Despite William Hunter's stature as one of the most important collectors and men of science of the eighteenth century, and the fact that his collection is the foundation of Scotland's oldest public museum, The Hunterian, until now there has been no comprehensive examination in a single volume of all his collections in their diversity. This volume restores Hunter to a rightful position of prominence among the medical men whose research and amassing of specimens transformed our understanding of the natural world and man's position within it. This volume comprises essays by international specialists and are as diverse as Hunter's collections themselves, dealing as they do with material that ranges from medical and scientific specimens, to painting, prints, books and manuscripts. The first sections focus upon Hunter's own collection and his response to it, while the final section contextualises Hunter within the wider sphere. A special feature of the volume is the inclusion of references to the Hunterian's web pages and on-line databases. These enable searches for items from Hunter's collections, both from his museum and library. Locating Hunter's collecting within the broader context of his age and environment, this book provides an original approach to a man and collection whose importance has yet to be comprehensively assessed.
Table of Contents
Contents: Foreword, David Gaimster; Introduction, Mungo Campbell. Part I William Hunter: Developing his Museum: The Great Windmill Street Anatomy School and Museum, Helen McCormack; Anatomy and the ’museum oeconomy’: William and John Hunter as collectors, Simon Chaplin. Part II William Hunter: Anatomy in Practice: William Hunter’s sources of pathological and anatomical specimens, with particular reference to obstetric subjects, Stuart W. McDonald and John W. Faithfull; ’An universal language’: William Hunter and the production of The Anatomy of the Human Gravid Uterus, Caroline Grigson; The anatomist and the artists: Hunter’s involvement, Anne Dulau Beveridge; William Hunter’s anatomical and pathological specimens, Stuart W. McDonald. Part III William Hunter: Collector: Animal specimens in William Hunter’s anatomical collection, Stuart W. McDonald and Margaret Reilly; William Hunter’s zoological collections, Margaret Reilly; The shaping role of Johann Christian Fabricius: William Hunter’s insect collection and entomology in 18th-century London, E. Geoffrey Hancock; Dr John Fothergill: significant donor, Starr Douglas; The mineral collection of William Hunter: assembly and function, John W. Faithfull; A collection without a catalogue: Captain John Laskey and the missing vertebrate fossils from the collection of William Hunter, Jeff Liston; Archaeological objects in William Hunter’s collection, Sally-Anne Coupar; William Hunter’s parade shield: a memento of Leonardo’s Milan?, Martin Kemp; Ethnographic treasures in the Hunterian from Cook’s voyages, Adrienne L. Kaeppler; ’At last in Dr Hunter’s library’: William Hunter’s Chinese collections, Nick Pearce; William Hunter’s numismatic books, Donal Bateson; The ’Hunterian orchard’: William Hunter’s library, David Weston. Part IV William Hunter: The Wider World: On the way to the museum: Frederich The Great’s Bildergalerie in the park of Sanssouci in the context of other paint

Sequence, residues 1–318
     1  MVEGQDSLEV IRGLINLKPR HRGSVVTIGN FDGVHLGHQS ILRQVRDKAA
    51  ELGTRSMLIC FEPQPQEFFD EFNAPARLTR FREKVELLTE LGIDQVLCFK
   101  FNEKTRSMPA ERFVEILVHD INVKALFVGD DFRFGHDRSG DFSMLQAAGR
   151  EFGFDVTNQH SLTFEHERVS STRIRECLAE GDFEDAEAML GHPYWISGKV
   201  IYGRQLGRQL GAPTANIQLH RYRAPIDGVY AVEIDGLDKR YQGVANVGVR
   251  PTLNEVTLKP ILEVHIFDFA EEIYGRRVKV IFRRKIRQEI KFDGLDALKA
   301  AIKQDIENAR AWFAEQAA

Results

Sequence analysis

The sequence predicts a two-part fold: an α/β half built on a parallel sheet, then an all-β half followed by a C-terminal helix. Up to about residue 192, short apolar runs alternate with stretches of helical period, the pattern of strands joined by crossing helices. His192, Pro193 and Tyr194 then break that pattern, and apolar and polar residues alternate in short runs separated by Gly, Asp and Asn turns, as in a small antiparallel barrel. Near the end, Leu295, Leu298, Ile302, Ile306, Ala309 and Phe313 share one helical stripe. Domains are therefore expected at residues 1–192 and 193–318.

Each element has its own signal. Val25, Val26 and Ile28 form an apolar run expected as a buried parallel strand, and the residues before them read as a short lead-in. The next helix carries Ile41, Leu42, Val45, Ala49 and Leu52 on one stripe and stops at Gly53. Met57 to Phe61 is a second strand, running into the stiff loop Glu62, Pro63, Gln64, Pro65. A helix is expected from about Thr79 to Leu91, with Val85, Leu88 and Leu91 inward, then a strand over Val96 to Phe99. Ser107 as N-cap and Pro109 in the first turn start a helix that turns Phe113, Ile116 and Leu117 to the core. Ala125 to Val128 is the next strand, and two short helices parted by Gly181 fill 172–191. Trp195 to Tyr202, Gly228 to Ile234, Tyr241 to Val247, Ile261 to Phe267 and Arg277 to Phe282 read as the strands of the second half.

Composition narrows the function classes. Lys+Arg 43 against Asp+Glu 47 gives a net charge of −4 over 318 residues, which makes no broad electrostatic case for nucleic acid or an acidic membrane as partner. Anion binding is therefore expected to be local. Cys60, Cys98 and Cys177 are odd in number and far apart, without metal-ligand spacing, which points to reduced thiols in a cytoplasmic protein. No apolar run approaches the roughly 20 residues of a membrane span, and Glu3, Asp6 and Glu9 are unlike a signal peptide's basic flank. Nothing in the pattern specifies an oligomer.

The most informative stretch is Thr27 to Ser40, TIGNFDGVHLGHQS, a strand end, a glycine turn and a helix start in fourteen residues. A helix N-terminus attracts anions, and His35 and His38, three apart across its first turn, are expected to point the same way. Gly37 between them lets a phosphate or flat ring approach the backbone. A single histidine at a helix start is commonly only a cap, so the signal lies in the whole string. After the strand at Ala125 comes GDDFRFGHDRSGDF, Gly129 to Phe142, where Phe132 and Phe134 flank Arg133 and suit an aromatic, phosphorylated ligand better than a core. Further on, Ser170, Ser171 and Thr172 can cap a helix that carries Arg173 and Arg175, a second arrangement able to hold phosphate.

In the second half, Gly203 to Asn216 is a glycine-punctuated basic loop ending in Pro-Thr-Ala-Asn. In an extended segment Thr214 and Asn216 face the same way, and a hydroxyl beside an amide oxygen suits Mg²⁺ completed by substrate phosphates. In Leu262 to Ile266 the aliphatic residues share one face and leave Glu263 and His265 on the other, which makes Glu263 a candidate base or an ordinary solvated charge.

'The essays in William Hunter's World firmly establish their subject in the circle of outstanding figures of late Enlightenment society. In this volume, for the first time, physical evidence for the wide range of Hunter's scholarship is examined in depth through the holdings of his museum and library, to provide a remarkable compendium of his achievements and to signpost potential lines of research that will continue to consolidate the reputation of this major figure of the later eighteenth century.' Arthur Macgregor, Editor, Journal of the History of Collections
'The essays that comprise William Hunter's World: The Art and Science of Eighteenth-Century Collecting do justice to the remarkable subject of this important publication, both in their wide intellectual compass, and in their international scope. As the first in-depth examination of the massive collections amassed by Hunter as an Enlightenment physician and experimental naturalist whose curiosity coursed the whole of the natural world, as well as the global sweep of human culture, this volume leaves no doubt that he was one of the great modern thinkers of his age. The essayists demonstrate Hunter’s signal contributions to the transformation of a broad spectrum of fields, from obstetrics and human anatomy, to ethnography and zoology, while promoting the professional practice of the visual arts, both as a collector and patron, and as the first professor of anatomy at the Royal Academy. Most importantly, the authors point to the value of Hunter’s magnificent collections as an essential means by which to gain an understanding of his drive and accomplishments, opening new lines of investigation to be pursued in the holdings of the University of Glasgow, which constitute Hunter’s great legacy.' Amy Meyers, Director, Yale Center for British Art, USA